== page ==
The pit bull breed can trace its roots back to Ireland and England during the early 1800s. The breed was the result of Old English Terriers and Old English Bulldogs being crossbred. The original purpose for this breeding mixture was farming. Individuals with land to work used the dog’s tenacity and strength, which many consider unrivaled by other dog breeds, to work land alongside farmers. Duties for the pitbull in these early days consisted of herding cattle and hogs.
Unfortunately, fans of popular bloodsports at the time would often use that same tenacity and strength for darker purposes. Many owners would breed the dogs, with their combination of gameness (terrier) and power (bulldog), to participate in pit matches and fighting rings. Examples of early bloodsports the pitbull competed in range from bull and bear baiting to dog fighting rings.
During many of these bloodsports, the pit bulls were often enclosed in a pit with other animals to do battle. At one point in time, pit bulls were even used in activities such as rat baiting. The dog would be placed in a pit and left to do battle with hoards of rats. These cruel games eventually gave rise to the breed’s popular name. Given their role in the pits, the breed picked up the colloquial name pitbull.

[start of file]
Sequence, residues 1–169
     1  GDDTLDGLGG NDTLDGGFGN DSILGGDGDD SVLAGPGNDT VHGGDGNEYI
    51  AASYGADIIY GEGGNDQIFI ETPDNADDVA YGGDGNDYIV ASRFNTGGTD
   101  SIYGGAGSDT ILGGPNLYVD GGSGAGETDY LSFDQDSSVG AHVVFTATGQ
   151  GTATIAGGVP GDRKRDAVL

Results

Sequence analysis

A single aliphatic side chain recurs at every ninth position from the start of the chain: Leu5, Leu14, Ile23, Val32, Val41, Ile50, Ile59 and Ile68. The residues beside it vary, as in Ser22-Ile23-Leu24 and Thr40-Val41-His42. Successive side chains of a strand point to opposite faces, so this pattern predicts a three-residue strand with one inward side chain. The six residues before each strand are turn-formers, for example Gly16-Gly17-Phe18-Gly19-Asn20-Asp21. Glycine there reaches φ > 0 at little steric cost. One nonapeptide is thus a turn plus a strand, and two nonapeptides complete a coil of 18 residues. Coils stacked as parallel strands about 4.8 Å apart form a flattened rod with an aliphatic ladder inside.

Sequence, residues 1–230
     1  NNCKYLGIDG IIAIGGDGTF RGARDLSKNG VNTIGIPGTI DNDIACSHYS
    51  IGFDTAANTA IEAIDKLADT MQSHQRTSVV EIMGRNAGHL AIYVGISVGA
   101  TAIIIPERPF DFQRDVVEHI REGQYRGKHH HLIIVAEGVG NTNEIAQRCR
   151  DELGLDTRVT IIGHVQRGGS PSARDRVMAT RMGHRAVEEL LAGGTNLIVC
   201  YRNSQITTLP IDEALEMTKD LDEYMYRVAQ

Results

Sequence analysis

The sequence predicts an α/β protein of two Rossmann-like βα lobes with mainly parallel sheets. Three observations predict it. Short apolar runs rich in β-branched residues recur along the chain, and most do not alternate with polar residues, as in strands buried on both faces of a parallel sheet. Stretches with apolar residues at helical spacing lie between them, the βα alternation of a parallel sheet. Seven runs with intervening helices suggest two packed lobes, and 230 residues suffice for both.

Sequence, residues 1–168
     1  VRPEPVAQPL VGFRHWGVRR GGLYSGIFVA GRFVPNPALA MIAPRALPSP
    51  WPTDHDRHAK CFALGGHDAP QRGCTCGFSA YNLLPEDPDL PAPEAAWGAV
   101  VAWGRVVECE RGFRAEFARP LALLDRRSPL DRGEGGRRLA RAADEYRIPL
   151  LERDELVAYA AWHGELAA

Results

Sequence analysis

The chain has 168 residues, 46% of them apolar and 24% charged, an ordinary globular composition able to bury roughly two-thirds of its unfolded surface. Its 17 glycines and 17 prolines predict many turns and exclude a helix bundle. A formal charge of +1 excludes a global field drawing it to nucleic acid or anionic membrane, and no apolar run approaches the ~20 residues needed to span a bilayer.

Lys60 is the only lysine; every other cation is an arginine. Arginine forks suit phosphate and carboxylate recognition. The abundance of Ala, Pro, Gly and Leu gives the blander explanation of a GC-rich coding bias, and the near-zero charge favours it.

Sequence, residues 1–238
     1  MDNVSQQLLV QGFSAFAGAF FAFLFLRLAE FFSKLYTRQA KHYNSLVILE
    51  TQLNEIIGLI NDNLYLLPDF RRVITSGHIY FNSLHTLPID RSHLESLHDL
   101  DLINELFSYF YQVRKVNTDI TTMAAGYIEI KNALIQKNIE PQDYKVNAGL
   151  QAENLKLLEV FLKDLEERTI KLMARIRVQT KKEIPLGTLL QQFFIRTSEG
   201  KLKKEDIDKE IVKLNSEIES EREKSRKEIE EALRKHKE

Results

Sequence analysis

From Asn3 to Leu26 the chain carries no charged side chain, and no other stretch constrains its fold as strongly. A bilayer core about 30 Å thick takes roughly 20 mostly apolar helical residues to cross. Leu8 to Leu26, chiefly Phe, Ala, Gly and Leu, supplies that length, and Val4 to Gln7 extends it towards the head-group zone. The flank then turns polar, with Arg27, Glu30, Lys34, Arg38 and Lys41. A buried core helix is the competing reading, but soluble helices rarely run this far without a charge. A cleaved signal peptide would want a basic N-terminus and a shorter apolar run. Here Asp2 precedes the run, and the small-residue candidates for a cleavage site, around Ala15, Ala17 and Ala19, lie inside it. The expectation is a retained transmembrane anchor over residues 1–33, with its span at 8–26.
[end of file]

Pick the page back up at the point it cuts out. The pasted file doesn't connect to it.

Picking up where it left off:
When Britain began enacting animal welfare laws during the 1830s, many of these popular bloodsports were outlawed and new forms of illegal games were created to satisfy the bloodlust of fans of the game. It was at this juncture in history that pit bulls were first forced into bloody battles against one another in dogfighting rings.
As the pit bull was introduced in the United States during the 1870s, it quickly became a popular breed. In the US the breed took on the official name of American Pitbull Terrier. Today, the breed technically has two different names. The American Kennel Club officially recognizes the breed as the American Staffordshire Terrier. Conversely, the United Kennel Club refers to the dog as American Pitbull Terrier.